• Backup — Make sure, make sure, make sure you have a backup system for your laptop. We use a “network connected storage” device by Iomega. It is basically a 1TB disk drive attached to our router. (A terabyte is 1,000 gigabytes.) The key is to remember to backup regularly. The single best solution I have yet found for this is to use a program called ViceVersa Pro. It runs in the background and continually checks my “My Documents” folder. If it changes, it updates the Iomega disk. This piece of software is a little tricky to set up but it is so worth the time that you are a fool if you do not do it. This piece of software is the chief reason I do not use a Mac — it only exists in Windows.

Software and Services: What you work on, and with

  • Accounting — If you are in business, you need to manage your money. That means you probably need Quickbooks. Even if you have an accountant, she or he will probably still tell you to get Quickbooks. So get it. There is a definite learning curve so set aside a weekend to figure it out. You do not have to go hog wild — just set up the bare minimum you need. But do it. It’s like Quicken . . . only better.
  • Office Programs — Yes, you can get free office software, all of which is highly compatible with Microsoft Office. If you do not share documents too frequently with colleagues, this can work very well. The product is Open Office. But most people get Microsoft Office. You probably should, too.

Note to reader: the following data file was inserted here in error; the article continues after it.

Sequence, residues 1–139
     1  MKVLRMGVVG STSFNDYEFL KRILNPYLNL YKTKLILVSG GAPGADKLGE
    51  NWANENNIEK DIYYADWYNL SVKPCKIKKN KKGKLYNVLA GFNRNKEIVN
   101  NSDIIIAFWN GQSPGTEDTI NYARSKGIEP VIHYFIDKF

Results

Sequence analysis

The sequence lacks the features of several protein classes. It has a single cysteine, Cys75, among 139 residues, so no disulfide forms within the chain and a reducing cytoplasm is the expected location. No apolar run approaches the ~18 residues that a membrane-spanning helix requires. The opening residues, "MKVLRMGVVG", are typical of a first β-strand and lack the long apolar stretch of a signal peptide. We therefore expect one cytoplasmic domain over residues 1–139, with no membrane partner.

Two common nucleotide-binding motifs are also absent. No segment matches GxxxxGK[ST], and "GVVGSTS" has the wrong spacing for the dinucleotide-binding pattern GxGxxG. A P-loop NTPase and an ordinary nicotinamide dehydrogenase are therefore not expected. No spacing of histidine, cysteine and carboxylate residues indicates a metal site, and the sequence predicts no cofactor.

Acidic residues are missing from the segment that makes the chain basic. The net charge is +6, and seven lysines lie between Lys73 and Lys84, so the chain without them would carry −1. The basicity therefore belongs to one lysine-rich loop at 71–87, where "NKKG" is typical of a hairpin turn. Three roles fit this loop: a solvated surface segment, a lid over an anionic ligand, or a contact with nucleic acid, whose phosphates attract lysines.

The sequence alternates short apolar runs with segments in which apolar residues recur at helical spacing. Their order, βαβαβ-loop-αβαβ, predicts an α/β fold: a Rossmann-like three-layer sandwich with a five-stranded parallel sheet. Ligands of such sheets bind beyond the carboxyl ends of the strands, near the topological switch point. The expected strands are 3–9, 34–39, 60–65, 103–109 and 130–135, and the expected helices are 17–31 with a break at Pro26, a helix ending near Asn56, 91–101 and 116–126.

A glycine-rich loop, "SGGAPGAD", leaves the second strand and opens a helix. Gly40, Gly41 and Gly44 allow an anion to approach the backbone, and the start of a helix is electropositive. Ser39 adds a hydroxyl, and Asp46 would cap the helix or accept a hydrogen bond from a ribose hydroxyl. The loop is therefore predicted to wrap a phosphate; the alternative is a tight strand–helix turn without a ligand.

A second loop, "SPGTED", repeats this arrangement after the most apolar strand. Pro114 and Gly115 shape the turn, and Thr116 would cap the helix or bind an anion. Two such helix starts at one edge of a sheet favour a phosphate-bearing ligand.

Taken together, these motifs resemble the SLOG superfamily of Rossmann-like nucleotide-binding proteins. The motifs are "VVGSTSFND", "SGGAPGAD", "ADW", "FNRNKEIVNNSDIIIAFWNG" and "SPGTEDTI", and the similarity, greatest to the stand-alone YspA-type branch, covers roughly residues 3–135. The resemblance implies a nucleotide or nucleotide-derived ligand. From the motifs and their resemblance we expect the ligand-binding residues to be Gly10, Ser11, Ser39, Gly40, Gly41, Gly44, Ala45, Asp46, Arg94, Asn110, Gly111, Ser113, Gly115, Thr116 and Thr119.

• Calendar — If you get Microsoft Office, you will have a calendar and email program (Outlook). This is fine. But I travel a lot and I sometimes travel without my computer. This is the main reason I have migrated just about everything I can over to Google tools: Gmail, calendar, tasks, contacts. They are free. If you use Google Apps (see above, and it’s not free) it is more secure.
  • Collaboration — To collaborate with clients and colleagues, I routinely use Google’s collaboration tools — especially Google Docs. These are essentially documents you create online. You can give other people access to them on a password basis, and they can make changes to the document too. A record is kept of all changes so you can roll back mistakes. It is a great way to work on any number of things.
  • Notes — As a solopreneur, you will spend a lot of time working on your computer. A note taking program is very useful. I use Evernote, which automatically syncs up with the web, so I can actually access my notes from anywhere.